At long last, Congress reached a deal Wednesday to reopen the government after 16 days of impasse, letting the American public exhale a bit and bringing a modicum of stability to the weakened economy.
The compromise, which President Obama signed off on last night, funds the government through Jan. 15, 2014, and suspends the debt limit until Feb. 7 (so get ready for another go-round then).
But what about the present? For a handful of major companies that rely on a confident U.S. consumer to bolster the bottom line, the government logjam is being blamed for potentially weaker sales in the upcoming critical holiday season.
Indeed, a Goldman Sachs report published this week said that, at least partially because of the government shutdown, 40% of consumers surveyed have curbed their spending. Those with household income under $35,000 were particularly impacted, with 47% indicating they were, compared with only 32% of those earning more than $100,000.
Retailers heavily dependent on consumers buying Christmas presents in December (or back-to-school supplies in August) have been known to blame things like the weather for disappointing sales. For instance, this past April was the coldest in the U.S. in 13 years, and two months later, Ann Taylor (ANN) blamed the chillier temperatures for hurting its first-quarter sales. Target (TGT) did the same.
The National Retail Foundation projects that holiday retail sales will increase 3.9% this year, though when it offered the outlook, it was somewhat dependent on the shutdown being resolved without too much damage being done. But if consumers don’t whip out their plastic this holiday as much as forecast, the shutdown – and Congress members’ obstinacy – may be blamed.
That said, not every company appears to be fretting over the shutdown, and speaking of credit cards, American Express (AXP) indicated no sign of adverse effects from the standoff in Washington during its conference call on Wednesday. To the contrary, the company reported that its net income rose 9% in the third quarter, as cardholders, who tend to be more affluent than other card carriers, spent more in the U.S. and elsewhere.
Answering a question about the shutdown’s impact on corporate spending, CFO Jeffrey Campbell said “… if I take the time period from the beginning of the quarter on July 1 really to the most recent days, there [are] no particular trends within that period between the beginning of the quarter and a couple of days ago that show any meaningful variance from that overall sequential trend. So, there is just nothing in our data that would support any particular impact in – amongst our customer base and what they spend money on, from the economic turmoil.”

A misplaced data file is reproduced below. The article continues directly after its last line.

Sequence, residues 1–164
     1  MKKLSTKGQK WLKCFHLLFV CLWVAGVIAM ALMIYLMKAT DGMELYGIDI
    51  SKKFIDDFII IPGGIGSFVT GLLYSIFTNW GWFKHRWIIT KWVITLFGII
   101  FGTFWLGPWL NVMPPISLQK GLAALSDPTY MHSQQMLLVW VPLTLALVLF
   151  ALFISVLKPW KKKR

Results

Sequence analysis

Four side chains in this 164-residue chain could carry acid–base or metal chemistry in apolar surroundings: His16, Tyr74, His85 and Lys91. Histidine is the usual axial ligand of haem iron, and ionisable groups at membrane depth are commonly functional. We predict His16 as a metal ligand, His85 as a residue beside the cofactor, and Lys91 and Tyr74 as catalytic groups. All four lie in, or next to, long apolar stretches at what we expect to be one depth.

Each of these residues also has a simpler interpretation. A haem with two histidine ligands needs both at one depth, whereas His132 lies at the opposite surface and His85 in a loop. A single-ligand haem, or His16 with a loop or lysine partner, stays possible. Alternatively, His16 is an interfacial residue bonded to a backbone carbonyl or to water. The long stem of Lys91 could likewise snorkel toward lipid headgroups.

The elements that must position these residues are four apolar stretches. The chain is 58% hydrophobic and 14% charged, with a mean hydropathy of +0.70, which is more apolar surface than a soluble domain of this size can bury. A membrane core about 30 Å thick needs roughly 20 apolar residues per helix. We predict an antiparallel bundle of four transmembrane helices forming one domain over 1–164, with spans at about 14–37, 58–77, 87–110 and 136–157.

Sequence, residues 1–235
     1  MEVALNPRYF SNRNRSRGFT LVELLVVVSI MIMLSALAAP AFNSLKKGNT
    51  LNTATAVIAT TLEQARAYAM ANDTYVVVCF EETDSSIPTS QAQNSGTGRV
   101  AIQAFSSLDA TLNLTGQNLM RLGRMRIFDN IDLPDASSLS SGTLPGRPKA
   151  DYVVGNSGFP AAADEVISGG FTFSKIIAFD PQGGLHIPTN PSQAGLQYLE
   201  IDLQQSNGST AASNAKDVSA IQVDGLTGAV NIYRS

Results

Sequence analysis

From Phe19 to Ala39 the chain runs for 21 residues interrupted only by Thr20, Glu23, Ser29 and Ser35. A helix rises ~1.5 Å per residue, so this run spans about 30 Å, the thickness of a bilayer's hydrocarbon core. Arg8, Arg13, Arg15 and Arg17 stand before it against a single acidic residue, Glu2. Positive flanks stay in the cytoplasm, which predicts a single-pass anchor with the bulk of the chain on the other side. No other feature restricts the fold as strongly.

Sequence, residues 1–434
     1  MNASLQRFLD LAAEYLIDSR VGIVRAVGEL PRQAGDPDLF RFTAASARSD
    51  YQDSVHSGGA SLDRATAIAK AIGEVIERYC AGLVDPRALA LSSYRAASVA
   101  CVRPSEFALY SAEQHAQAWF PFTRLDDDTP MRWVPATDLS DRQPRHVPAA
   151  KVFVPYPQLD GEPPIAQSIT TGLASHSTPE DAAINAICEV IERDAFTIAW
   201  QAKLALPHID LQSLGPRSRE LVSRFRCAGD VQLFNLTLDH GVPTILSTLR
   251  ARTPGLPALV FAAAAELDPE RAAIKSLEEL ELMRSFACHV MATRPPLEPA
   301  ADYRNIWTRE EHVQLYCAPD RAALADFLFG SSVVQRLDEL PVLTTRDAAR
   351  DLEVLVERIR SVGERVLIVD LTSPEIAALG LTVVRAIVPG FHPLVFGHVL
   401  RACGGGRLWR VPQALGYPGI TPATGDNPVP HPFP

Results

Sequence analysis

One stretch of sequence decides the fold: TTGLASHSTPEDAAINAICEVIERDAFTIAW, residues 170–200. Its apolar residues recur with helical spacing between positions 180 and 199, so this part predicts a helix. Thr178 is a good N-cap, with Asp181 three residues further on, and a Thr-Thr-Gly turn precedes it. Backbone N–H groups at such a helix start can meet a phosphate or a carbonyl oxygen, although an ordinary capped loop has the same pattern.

Here are a few of the companies who've offered cautious comments:
Stanley Black & Decker (SWK)
The New Britain, Conn., tool maker this week lowered its expectations for the year, citing slower growth in emerging markets and a hit from the shutdown.
On a conference call with analysts on Wednesday, Chief Financial Officer Donald Allan said: "We really believe the U.S. government sequestration and shutdown have had a modest impact in the third quarter on us and will have a slightly more significant impact on us in the fourth quarter."
Third-quarter earnings for the San Jose, Calif., online auction site slightly beat analysts’ expectations, but it cautioned that its fourth-quarter performance would be tepid. The company said current slower growth and a weaker U.S. dollar that’s been impacting overseas transactions mean annual profits and revenue would come in at the low end of its outlook. In response to a question about weaker holiday guidance on the earnings call, CFO Bob Swan suggested that the shutdown and uncertainty is taking its toll.
“We haven't really seen any more positive signs in October than what we experienced through the latter part of the third quarter in the U.S. So all of that and all the anxiety we see when we pick up the newspaper every day makes us fairly cautious about how we look at the holiday season and its impact on our outlook for the fourth quarter. I hope I'm too conservative. But right now, the signs point to a bit of caution.”
On Tuesday, Wal-Mart executives said they’re seeing a "tough" and "unpredictable" global economy. In an address to investors, CEO Mike Duke said the partial government shutdown "is on the minds of our customers."
Hoping to capture consumers’ attention early in the hyper-competitive holiday season, Wal-Mart is promoting low prices on a variety of products, while Sam's Club, owned by Wal-Mart, will have another discount booklet for members starting on Oct. 30, as both chains try to boost sales early in the fourth quarter, according to Reuters report.
John Krafcik, Hyundai Motor’s CEO of U.S. sales unit, told Bloomberg this week that the “anxiety” generated by the government shutdown has kept potential car buyers holding onto their wallets.
“We’ll probably see the industry off 5% to 10% this month, compared to where it was in September. I think a lot of it has to do with this shutdown discussion,” Krafcik said.
Family Dollar Stores (FDO)
Executive Chairman and CEO Howard Levine expressed concern that the situation in Washington was hurting consumer confidence. On an Oct. 9 earnings call, Levine said the worries regarding the shutdown were hitting his company's customers in a clear way.
"We have – over half of our customers are on government – some sort of government assistance out there," he said. "So when they hear and read about all this uncertainty, I think it impacts their confidence regarding their outlook."